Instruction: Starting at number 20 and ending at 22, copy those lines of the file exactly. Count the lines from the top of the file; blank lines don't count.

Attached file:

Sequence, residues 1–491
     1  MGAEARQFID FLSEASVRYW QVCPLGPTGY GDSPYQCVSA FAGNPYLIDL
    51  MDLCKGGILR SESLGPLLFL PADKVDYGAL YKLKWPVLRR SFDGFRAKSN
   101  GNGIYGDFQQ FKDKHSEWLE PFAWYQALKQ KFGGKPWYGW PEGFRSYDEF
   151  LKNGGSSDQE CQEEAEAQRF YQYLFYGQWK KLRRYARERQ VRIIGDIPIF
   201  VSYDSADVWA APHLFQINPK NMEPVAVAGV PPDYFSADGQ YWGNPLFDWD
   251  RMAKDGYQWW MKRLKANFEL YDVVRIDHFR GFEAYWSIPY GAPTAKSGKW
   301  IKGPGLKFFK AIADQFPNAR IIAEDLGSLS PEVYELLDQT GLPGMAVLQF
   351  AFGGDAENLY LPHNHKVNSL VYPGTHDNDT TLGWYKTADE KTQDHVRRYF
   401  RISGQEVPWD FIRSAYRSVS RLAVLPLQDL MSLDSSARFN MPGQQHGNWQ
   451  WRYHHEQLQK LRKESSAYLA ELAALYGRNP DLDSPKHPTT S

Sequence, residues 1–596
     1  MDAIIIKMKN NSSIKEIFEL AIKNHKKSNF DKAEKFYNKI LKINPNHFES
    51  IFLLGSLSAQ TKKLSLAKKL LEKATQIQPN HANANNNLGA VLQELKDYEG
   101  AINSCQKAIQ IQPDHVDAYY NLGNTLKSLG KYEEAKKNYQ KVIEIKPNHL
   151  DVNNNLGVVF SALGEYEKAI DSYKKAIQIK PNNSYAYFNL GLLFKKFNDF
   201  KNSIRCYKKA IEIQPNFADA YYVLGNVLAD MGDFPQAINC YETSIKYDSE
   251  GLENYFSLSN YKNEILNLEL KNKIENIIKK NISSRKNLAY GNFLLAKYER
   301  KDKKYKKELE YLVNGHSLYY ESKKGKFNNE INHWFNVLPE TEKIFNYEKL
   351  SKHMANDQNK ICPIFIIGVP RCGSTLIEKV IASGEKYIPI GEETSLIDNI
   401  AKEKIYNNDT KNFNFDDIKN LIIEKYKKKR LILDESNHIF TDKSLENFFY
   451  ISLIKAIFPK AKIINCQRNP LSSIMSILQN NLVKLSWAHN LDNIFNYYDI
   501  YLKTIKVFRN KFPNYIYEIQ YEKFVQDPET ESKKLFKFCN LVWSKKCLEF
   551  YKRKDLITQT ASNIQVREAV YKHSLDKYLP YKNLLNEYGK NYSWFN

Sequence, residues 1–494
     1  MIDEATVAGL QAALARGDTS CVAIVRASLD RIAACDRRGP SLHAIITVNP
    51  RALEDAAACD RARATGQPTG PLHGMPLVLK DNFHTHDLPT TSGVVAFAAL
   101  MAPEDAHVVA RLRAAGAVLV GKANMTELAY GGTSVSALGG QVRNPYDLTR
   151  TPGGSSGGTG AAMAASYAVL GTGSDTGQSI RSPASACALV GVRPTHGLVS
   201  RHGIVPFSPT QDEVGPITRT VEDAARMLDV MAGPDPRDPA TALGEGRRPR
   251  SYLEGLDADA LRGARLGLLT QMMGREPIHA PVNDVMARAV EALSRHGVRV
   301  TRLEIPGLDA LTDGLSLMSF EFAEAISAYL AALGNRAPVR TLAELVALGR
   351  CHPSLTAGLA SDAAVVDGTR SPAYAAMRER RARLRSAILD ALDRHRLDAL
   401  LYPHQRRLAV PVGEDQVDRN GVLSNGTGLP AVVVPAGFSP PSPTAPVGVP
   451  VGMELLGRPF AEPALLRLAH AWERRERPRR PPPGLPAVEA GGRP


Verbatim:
   351  SKHMANDQNK ICPIFIIGVP RCGSTLIEKV IASGEKYIPI GEETSLIDNI
   401  AKEKIYNNDT KNFNFDDIKN LIIEKYKKKR LILDESNHIF TDKSLENFFY
   451  ISLIKAIFPK AKIINCQRNP LSSIMSILQN NLVKLSWAHN LDNIFNYYDI